Membership in the School of Thinking is not for everyone. It is a curated experience for real thinkers and for those individuals who are interested in becoming highly skilled thinkers.
– Dr Michael Hewitt-Gleeson
true 1. in accordance with fact or reality. 2. genuine; not spurious or counterfeit.Â Â Â Â Â Â – Oxford English Dictionary
Offline or online, the world is a wide web of truths. It’s a shopping mall. A huge marketplace of all kinds of truths. Little truths. Big truths. There are many, many truths. Billions of them. These truths live in brains and are, literally, hopping about virally from brain to brain via smartphones all day long, 24/7. Yes, 365.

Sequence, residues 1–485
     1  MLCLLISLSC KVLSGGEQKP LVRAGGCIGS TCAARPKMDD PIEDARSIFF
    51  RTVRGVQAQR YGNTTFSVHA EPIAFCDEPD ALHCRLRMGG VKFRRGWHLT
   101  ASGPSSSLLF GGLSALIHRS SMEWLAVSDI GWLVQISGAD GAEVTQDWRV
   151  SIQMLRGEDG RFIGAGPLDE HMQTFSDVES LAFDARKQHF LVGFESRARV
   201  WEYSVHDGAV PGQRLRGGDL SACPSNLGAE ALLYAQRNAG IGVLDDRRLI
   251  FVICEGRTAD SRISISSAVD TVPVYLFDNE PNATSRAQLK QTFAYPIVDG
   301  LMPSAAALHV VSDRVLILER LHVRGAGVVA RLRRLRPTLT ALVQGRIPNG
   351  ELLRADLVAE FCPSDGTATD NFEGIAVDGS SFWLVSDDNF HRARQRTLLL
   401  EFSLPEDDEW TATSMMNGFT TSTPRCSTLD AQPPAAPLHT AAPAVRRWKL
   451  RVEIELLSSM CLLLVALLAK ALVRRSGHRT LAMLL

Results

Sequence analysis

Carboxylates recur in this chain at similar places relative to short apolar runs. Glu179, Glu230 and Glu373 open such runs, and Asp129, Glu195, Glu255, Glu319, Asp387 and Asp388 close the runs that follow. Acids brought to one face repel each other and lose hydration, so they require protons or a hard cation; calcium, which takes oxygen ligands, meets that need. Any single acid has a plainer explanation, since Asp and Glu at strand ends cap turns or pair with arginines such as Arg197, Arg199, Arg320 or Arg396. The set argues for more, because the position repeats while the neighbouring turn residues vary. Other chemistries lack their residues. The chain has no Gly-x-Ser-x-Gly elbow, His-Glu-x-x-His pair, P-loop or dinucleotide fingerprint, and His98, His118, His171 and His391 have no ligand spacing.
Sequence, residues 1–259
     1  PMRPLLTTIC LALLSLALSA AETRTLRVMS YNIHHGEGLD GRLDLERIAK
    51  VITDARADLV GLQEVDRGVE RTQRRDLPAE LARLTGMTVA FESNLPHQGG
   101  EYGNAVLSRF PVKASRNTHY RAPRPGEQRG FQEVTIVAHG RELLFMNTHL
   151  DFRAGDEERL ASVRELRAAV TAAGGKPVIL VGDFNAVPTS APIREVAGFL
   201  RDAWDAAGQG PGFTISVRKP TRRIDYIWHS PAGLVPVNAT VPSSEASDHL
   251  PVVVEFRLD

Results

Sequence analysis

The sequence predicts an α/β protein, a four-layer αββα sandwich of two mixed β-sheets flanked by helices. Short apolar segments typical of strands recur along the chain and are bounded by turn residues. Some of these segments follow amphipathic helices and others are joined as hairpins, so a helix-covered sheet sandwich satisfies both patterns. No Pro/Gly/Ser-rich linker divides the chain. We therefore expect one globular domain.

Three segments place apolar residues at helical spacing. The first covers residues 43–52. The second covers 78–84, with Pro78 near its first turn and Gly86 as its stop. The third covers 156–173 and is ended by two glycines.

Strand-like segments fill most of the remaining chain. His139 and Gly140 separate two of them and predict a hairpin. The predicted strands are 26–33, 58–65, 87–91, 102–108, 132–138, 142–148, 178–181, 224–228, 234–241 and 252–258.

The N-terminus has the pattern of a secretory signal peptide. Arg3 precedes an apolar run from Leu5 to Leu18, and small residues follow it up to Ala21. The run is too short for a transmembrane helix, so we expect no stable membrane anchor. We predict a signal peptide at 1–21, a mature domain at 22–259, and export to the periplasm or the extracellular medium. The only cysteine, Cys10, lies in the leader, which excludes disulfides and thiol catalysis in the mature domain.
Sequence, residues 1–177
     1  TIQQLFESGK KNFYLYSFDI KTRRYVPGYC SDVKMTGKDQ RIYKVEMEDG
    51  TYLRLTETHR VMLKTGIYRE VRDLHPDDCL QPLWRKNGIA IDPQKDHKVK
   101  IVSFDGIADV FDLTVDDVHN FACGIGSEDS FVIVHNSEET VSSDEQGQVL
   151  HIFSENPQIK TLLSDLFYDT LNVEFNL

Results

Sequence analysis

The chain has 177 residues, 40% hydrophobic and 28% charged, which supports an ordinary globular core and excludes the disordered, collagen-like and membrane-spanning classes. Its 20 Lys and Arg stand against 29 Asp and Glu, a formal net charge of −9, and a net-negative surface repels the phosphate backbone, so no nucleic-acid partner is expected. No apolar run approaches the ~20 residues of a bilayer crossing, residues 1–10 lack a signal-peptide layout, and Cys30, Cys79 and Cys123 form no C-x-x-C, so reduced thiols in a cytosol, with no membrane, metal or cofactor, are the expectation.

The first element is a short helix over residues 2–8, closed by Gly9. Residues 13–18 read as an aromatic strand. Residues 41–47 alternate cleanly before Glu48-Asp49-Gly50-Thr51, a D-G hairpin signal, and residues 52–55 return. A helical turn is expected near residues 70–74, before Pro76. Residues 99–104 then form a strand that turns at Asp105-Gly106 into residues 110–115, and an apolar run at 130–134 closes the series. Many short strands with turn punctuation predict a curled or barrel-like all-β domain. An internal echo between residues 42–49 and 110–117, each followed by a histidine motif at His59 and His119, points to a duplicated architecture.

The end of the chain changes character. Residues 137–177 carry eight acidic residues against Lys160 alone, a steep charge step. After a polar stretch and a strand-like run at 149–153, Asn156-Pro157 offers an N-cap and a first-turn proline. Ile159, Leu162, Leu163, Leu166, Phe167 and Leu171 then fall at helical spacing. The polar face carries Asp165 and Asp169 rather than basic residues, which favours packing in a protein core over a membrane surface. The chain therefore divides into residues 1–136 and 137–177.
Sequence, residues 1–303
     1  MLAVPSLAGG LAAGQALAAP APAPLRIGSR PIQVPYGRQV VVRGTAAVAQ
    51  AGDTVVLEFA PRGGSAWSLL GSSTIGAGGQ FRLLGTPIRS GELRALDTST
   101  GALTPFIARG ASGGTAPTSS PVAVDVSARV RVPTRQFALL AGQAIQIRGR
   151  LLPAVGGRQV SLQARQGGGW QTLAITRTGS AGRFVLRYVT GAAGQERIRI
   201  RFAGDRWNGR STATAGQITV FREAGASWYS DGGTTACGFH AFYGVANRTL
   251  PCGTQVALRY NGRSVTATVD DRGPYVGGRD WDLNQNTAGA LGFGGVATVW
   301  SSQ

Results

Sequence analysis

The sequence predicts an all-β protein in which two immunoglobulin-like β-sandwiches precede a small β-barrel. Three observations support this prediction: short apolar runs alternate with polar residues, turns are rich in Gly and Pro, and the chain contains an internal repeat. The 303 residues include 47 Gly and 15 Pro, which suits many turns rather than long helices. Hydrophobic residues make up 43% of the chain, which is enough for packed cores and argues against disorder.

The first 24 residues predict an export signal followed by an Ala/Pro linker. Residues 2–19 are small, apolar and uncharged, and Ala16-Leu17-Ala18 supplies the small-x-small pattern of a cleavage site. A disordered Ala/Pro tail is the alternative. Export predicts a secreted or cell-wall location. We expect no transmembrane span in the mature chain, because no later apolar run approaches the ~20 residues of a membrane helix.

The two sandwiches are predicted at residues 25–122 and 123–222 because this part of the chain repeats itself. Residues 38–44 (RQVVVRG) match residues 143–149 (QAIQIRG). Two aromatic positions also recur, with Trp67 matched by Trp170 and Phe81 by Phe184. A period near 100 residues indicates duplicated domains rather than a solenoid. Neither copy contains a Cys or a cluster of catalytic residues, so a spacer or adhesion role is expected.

There are all kinds of truths that want to live in your brain. Some are true and some are untrue. There are acquired truths. There are real truths. There are new truths and old truths. Unscientific and scientific. Low-probability and high-probability. Dormant and dominant. Lazy and busy. Simple truths. Complex. Vicious and virtuous truths. Dumb. Clever. Logical and lateral. Popular truths and secret ones. Fast truths and slow truths. There are convenient truths and inconvenient truths. etc. etc.
Using the OED definition of true at the head of this article we can divide all these truths into two general categories: fake and real.
To paraphrase the OED, fake truths are spurious and counterfeit. Real truths accord with fact and reality.